Why New Predictive Coding Technology Could be
Good (or Bad) for Your Career



By Matt Nelson, Esq. and Dean Gonsowski, Esq.



     The buzz surrounding predictive coding technology is palpable for those in the legal industry.  Although recent case law decisions addressing the use of predictive coding technology in discovery may add more confusion than clarity, the technology still holds tremendous promise.  With promise comes opportunity for those who take the time to
learn a complex new approach to electronically stored information (ESI) document review.  On the other hand, those who fail to stay abreast of new technological developments run
the risk of gradually becoming obsolete. 
If past history is a good indicator of what the future could hold for litigation support professionals, then it makes sense to revisit another important litigation trend for guidance. 

More than a decade ago, many in the legal field recognized a fundamental trend developing even before eDiscovery became mainstream.  A gradual shift away from using paper (hardcopy documents) for managing discovery occurred in favor of converting those same documents into electronic images.  The trend developed because converting paper documents to searchable image files with scanning and optical character recognition (OCR) software was simply far more cost efficient and manageable than dealing with paper.

     For example, instead of paying vendors thousands of dollars to make photocopies of every document produced during discovery, that same vendor could be paid to create a searchable image of those same documents.  The cost savings came when a party faced with responding to a large discovery request could respond by simply sending the requesting party a hard drive full of electronic images rather than a truckload of bankers boxes filled with photocopies of original documents.  Perhaps even more important was the time and money saved on traditional document review.  Instead of paying legal staff to rummage through thousands of paper files for days or weeks to find responsive documents, basic litigation support software tools could be used to find the same responsive documents in seconds by using keyword searches.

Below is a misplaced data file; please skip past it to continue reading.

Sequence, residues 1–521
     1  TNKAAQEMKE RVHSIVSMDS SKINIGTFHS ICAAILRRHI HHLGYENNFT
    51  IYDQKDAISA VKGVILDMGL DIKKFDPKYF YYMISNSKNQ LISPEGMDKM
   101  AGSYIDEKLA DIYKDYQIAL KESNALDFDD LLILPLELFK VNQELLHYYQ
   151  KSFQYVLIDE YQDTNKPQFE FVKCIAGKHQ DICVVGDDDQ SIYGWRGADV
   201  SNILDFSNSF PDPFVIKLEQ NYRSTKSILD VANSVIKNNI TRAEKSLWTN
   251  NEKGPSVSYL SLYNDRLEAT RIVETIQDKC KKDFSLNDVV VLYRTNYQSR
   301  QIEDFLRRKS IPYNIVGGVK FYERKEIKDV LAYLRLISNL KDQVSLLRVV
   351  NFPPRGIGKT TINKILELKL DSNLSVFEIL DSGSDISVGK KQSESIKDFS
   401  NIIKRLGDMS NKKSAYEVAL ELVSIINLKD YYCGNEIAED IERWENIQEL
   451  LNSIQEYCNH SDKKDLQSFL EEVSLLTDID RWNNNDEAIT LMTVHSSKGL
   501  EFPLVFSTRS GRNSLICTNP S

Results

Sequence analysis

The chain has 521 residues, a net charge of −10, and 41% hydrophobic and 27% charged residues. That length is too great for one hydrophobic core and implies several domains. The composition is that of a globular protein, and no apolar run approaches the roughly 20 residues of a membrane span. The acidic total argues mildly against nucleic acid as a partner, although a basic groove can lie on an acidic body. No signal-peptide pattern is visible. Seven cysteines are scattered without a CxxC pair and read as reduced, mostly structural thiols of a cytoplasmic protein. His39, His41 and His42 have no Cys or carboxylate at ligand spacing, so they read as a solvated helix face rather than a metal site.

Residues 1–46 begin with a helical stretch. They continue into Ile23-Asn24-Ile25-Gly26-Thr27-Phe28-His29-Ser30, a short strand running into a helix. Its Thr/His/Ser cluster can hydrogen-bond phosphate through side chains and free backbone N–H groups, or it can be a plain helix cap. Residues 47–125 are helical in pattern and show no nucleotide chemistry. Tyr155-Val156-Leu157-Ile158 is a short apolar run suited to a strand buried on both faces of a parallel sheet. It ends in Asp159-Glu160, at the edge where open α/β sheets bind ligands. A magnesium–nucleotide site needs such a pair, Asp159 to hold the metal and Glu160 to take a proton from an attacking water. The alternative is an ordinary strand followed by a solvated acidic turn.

Although the shift from paper to electronic imaging, OCR, and litigation support software paled in comparison to the overall Silicon Valley tech boom of the late 1990’s, it was still significant to the legal industry.  It was significant because it represented a new approach to discovery and was the precursor to the billion dollar eDiscovery software market that exists today.  Attorneys and support staff who recognized this shift early on were able to advance their careers by learning a new process.  For example, many paralegals tired of the drudgery of manual document review became experts in litigation support software.  By honing their technical expertise they became more valuable to the organization because they enabled their legal teams to find critical documents faster, streamline document productions, and save client’s money.  On the other hand, those who failed to adapt to the trend from paper to electronic images were largely left behind.